If you or a loved one has battled cancer, been uninsured or underinsured, or received a voucher for an expensive medication, a little-known drug discount program probably helped you from behind the scenes.
The 340B Drug Pricing Program created by the Federal government in 1992 allows certain hospitals — most often critical access hospitals — to obtain discounted prices on covered outpatient medications from drug manufacturers.
That means CHI St. Alexius Health-Williston can provide free or low-cost medications to patients in need. What many in the community don’t realize is that these discounts add up to a huge impact at CHI St. Alexius Health-Williston: $2.7 million in approximate annual savings which is reinvested in our programs — particularly obstetrics, oncology and emergency services.
Put simply, it’s priceless to patients in need — and in terms of our ability to care for the community. Best of all, it is 100% funded by pharmaceutical companies — not a penny comes from taxpayers.
If you value having a hospital here in Williston, it’s important to understand the role 340B plays for critical access hospitals like ours throughout the country. Of 1,300 US hospitals participating in 340B program, 93% reported that savings from the program helps them stay open, according to a report from 340Bhealth.org.
That’s the case for CHI St. Alexius Health-Williston. The 340B program helps us purchase drugs needed to treat uninsured and underinsured patients, including patients in our emergency room. The program also helped us provide $13.4 million in uncompensated care to needy patients and families last year.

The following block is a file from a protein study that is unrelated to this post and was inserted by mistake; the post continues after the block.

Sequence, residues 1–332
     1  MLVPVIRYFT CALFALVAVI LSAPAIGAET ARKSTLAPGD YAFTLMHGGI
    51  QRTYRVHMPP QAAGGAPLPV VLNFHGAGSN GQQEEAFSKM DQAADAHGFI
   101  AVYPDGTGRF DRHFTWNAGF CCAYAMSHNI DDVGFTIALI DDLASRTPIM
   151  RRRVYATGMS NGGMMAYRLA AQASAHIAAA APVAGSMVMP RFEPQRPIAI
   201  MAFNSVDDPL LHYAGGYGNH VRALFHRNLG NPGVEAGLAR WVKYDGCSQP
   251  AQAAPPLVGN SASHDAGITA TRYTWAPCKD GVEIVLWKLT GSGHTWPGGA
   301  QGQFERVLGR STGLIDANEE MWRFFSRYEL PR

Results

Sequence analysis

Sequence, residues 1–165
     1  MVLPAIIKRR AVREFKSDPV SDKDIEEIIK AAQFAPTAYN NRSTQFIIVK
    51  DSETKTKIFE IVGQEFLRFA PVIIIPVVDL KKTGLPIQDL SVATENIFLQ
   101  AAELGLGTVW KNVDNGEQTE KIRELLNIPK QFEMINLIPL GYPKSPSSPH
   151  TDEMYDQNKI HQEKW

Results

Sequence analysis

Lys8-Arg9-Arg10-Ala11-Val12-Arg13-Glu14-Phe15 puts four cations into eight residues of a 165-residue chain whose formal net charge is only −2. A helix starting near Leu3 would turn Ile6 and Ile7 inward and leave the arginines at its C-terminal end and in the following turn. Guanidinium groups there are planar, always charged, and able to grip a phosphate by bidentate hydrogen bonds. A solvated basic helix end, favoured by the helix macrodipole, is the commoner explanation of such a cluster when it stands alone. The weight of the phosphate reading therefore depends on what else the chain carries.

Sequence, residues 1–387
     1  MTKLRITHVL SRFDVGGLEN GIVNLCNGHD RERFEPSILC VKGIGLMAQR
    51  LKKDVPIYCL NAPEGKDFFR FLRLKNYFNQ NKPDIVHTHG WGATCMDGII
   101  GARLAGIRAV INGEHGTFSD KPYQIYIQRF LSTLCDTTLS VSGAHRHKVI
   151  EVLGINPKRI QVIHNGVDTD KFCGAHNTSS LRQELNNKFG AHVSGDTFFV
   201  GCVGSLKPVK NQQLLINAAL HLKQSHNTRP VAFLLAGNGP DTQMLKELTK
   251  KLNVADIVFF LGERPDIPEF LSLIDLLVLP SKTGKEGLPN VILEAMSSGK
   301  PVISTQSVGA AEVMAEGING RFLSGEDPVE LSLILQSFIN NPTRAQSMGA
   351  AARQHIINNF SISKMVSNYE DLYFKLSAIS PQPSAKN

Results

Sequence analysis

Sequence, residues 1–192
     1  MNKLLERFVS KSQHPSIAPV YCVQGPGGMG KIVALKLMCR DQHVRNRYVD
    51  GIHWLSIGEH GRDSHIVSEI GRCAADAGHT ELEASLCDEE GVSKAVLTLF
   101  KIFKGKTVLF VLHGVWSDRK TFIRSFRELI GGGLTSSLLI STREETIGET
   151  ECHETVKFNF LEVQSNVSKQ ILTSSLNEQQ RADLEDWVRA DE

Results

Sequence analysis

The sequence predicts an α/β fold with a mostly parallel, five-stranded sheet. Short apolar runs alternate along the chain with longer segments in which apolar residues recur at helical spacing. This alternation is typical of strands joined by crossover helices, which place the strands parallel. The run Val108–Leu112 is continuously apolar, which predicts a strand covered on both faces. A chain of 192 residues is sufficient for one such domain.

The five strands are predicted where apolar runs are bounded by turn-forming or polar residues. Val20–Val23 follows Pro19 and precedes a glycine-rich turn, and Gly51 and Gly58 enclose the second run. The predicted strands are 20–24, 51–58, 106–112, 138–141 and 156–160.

With 340B, we are able to strengthen our programs. Oncology is where we see some of the greatest savings because cancer drugs are among the most expensive. Savings from 340B have contributed to the opening of our women’s health clinic and our pharmacy medication management program. It also supports the care we provide in our emergency department.
In Washington DC, officials have proposed slashing reimbursement for providers participating in 340B, which would cut Medicare payments by 30 percent and decimate many of our programs. Some argue that scaling back 340B is necessary to reduce drug costs for the government and thus taxpayers, but this is simply not true. Scaling back 340B only helps the pharmaceutical companies who currently foot the bill for 100% of the program.
Rather than being a simple issue of funding, 340B is a big-picture issue with immense local impact. It’s probably helped you or someone you care about. It’s also helped CHI St. Alexius Health-Williston meet the unique challenges faced by rural communities — and improve and expand the care we provide to the region.